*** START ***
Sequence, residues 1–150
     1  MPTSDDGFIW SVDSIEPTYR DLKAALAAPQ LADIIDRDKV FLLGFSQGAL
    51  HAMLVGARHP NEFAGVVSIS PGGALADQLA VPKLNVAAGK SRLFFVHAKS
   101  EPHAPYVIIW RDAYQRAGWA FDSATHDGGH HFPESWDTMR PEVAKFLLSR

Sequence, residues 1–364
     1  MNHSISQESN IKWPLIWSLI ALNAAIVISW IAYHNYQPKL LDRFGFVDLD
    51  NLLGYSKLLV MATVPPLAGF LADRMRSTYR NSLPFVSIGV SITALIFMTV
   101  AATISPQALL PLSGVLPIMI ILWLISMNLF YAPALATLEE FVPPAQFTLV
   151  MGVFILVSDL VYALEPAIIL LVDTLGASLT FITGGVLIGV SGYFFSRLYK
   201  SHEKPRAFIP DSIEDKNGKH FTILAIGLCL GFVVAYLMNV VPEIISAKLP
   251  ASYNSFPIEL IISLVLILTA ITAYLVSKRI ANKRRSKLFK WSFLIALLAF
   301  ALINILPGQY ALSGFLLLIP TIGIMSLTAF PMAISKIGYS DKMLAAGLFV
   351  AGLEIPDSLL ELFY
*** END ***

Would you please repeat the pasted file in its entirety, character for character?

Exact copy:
Sequence, residues 1–150
     1  MPTSDDGFIW SVDSIEPTYR DLKAALAAPQ LADIIDRDKV FLLGFSQGAL
    51  HAMLVGARHP NEFAGVVSIS PGGALADQLA VPKLNVAAGK SRLFFVHAKS
   101  EPHAPYVIIW RDAYQRAGWA FDSATHDGGH HFPESWDTMR PEVAKFLLSR

Sequence, residues 1–364
     1  MNHSISQESN IKWPLIWSLI ALNAAIVISW IAYHNYQPKL LDRFGFVDLD
    51  NLLGYSKLLV MATVPPLAGF LADRMRSTYR NSLPFVSIGV SITALIFMTV
   101  AATISPQALL PLSGVLPIMI ILWLISMNLF YAPALATLEE FVPPAQFTLV
   151  MGVFILVSDL VYALEPAIIL LVDTLGASLT FITGGVLIGV SGYFFSRLYK
   201  SHEKPRAFIP DSIEDKNGKH FTILAIGLCL GFVVAYLMNV VPEIISAKLP
   251  ASYNSFPIEL IISLVLILTA ITAYLVSKRI ANKRRSKLFK WSFLIALLAF
   301  ALINILPGQY ALSGFLLLIP TIGIMSLTAF PMAISKIGYS DKMLAAGLFV
   351  AGLEIPDSLL ELFY